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Literary Terms and Definitions: G

This page is under perpetual construction! It was last updated April 24, 2018.

This list is meant to assist, not intimidate. Use it as a touchstone for important concepts and vocabulary that we will cover during the term. Vocabulary terms are listed alphabetically.

[A] [B] [C] [D] [E] [F] [G] [H] [I] [J] [K] [L] [M]

[N] [O] [P] [Q] [R] [S] [T] [U] [V] [W] [X] [Y] [Z]

GAIR LLANW: In Welsh poetry such as the strict meters (cynghanedd), a common technique to fill out the necessary syllables in a line is to add a gair llanw, a parenthetical word or phrase--often functioning much like an epithet in Greek literature.

GALLERY: The elevated seating areas at the back and sides of a theater.

GATHERERS: Money-collectors employed by an acting company to take money at the admissions or entrances to a theater.

GEASA (also spelled geisa or geis, plural geissi): A magical taboo or restriction placed on a hero in Old Irish literature. For example, Cuchulainn in the Tain is forbidden to eat the flesh of a dog because his own name means "hound of Ulster." (On a symbolic level then, eating a dog's meat would be an act of autocannibalism.) Such restrictions are almost archetypal--compare with Sampson and Delilah in biblical literature. Also compare with the tynged in Welsh literature.

GEMEL: A final couplet that appears at the end of a sonnet. See couplet and sonnet.

GEMINATION: In linguistics, the doubling of a consonant sound under certain conditions, a trait common in Germanic languages including English. An example of gemination in English is the way the /t/ doubles in the word hot when we add the -er suffix for the comparative form of hotter.

GENDER, GRAMMATICAL: A grammatical category in most Indo-European languages. Three genders commonly appear for pronouns, nouns (and in inflected languages adjectives): masculine, feminine, and neuter. Note that these categories are only vaguely related to biological gender.

GENERAL SEMANTICS: According to Algeo, "A linguistic philosophy emphasizing the arbitrary nature of language to clarify thinking" (319).

GENERALIZATION, LINGUISTIC: As Algeo defines it, "A semantic change expanding the kinds of referents of a word" (319). I.e., in generalization, a word picks up broader meaning instead of becoming specialized, focused, and narrower in meaning.

GENERATIVE GRAMMAR: Another term for transformational grammar.

GENETIC CLASSIFICATION: A grouping of languages based on their historical development from a common source.

GENITIVE: A declension in any synthetic (i.e. heavily inflected) language that indicates possession. In many Old English singular nouns, an -es declension attached to the end of that noun would indicate the genitive case. For instance, in the phrase "Godes wrath" (God's wrath), the -es indicates that the word wrath belongs to God. That ancient -es genitive declension survives today in fossilized form as the apostrophe followed by the letter s. For instance, the boy's ball. The use of the apostrophe is the result of a Renaissance misunderstanding. See his-genitive for more information.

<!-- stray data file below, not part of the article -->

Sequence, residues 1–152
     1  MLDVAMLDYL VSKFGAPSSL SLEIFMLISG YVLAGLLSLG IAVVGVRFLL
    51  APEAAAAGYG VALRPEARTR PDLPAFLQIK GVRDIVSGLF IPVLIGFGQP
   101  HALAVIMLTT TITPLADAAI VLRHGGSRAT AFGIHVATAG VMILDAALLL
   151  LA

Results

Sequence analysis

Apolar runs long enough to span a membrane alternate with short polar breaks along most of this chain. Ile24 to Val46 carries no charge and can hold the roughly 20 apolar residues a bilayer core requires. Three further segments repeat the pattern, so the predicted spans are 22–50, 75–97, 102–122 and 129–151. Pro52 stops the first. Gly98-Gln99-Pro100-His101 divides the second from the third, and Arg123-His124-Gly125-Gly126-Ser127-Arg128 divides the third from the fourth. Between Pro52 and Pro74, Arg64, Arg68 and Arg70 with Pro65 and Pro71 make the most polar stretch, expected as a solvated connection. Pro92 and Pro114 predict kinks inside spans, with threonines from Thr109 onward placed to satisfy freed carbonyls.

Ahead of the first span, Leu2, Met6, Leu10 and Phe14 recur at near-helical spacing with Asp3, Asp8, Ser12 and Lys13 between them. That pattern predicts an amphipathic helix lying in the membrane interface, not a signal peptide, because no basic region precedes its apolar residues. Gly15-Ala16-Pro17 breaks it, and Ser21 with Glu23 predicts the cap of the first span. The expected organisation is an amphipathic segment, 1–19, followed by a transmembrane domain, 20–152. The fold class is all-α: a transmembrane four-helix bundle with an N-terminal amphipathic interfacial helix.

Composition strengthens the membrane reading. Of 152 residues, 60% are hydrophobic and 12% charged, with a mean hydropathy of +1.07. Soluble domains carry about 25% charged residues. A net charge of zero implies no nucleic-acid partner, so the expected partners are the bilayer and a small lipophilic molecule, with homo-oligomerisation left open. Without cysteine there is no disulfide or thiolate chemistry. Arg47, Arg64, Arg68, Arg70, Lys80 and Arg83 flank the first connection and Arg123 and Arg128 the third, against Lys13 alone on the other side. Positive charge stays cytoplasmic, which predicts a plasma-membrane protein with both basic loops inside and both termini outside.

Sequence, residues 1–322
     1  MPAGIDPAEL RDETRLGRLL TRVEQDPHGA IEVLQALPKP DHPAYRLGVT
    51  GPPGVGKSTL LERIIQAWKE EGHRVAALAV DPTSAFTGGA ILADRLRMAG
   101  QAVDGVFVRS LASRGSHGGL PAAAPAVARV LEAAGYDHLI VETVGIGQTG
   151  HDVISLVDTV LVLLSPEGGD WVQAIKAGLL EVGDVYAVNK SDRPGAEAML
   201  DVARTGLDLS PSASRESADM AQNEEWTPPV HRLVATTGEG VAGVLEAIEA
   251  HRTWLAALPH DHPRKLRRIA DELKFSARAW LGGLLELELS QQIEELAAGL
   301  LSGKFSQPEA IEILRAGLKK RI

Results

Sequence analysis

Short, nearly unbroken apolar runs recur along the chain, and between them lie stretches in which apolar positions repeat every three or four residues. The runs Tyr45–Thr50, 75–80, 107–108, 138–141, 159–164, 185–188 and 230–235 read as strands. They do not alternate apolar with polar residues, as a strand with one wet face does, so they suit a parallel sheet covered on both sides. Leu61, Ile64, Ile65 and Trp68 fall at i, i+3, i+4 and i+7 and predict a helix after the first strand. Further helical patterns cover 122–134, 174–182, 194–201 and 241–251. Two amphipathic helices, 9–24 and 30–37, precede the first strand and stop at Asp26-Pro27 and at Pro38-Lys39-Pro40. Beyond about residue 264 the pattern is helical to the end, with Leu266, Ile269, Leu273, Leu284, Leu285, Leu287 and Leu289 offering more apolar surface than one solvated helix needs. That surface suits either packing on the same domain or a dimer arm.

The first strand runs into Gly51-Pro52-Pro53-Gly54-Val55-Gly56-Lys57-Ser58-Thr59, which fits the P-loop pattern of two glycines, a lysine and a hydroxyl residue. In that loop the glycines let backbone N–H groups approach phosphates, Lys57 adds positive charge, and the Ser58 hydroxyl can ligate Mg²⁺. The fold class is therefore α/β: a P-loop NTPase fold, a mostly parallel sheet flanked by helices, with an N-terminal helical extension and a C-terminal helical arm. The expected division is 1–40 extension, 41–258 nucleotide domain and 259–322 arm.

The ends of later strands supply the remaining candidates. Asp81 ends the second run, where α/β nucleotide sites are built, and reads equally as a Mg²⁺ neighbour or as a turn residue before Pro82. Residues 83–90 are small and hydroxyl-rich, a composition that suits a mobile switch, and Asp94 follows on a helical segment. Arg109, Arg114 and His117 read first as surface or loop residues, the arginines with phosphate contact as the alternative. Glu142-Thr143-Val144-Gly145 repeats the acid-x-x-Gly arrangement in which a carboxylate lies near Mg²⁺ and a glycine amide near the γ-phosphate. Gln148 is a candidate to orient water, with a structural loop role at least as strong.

GENRE: A type or category of literature or film marked by certain shared features or conventions. The three broadest categories of genre include poetry, drama, and fiction. These general genres are often subdivided into more specific genres and subgenres. For instance, precise examples of genres might include murder mysteries, westerns, sonnets, lyric poetry, epics, tragedies, etc. Bookstores, libraries, and services like Redbox or Netflix may label and subdivide their books or films into genres for the convenience of shoppers seeking a specific category of literature.

GEOGRAPHICAL DIALECT (also called a regional dialect): A dialect that appears primarily in a geographic area, as opposed to a dialect that appears primarily in an ethnic group or social caste.

GERMANIC: The northern branch of Indo-European, often subdivided into (1) East Germanic or Gothic, (2) West Germanic, and (3) North Germanic. Old Norse fits in the North Germanic sub-branch while Old English falls in the West Germanic sub-branch.

GHOST CHARACTERS: This term should not be confused with characters who happen to appear on stage as ghosts. Shakespearean scholars use the word "ghost characters" to refer to characters listed in the stage directions or the list of dramatis personae but who appear to say nothing, take no explicit part in the action, and are neither addressed nor mentioned by any other characters in the play. For instance, some quarto editions of Much Ado About Nothing list such characters in the first stage directions and again in Act III.

GHOST STORY: Any liteary or folklore narrative dealing with supernatural beings that return from the dead to haunt the living. Ghost stories appear in the traditions of a wide number of peoples and places including Amerindian and Polynesian tribes, the Middle East and Asia, and Europe. They may date back to prehistoric times and even today remain popular on " reality" television series, in horror films, and in online creepypastas. Ghost stories are often told with the explicit or implicit goal of evoking fear, suspense, and "goosebumps" in the listener. Many Gothic novels are ghost stories. Anthropologists suggest that, as is true with the current fascination with zombie apocalypse narratives, the fear implicit in a ghost story may originate in the instinctive revulsion and dismay humans (and many other animal species) feel when confronted with a dead body of their own species. Fear of and revulsion toward such dead bodies is a survival trait--obviously something dangerous to one's species--a predator, a poison, or a pathogen--killed the dead body. So, a strong desire to avoid the body and the surrounding area (i.e, a feeling of nausea or terror) would encourage others to keep their distance. The creators of ghost stories rely intentionally or unintentionally on this instinctive reaction toward the dead as one of the emotional engines to shape a reaction in their audience. Contrast with ghost characters, above.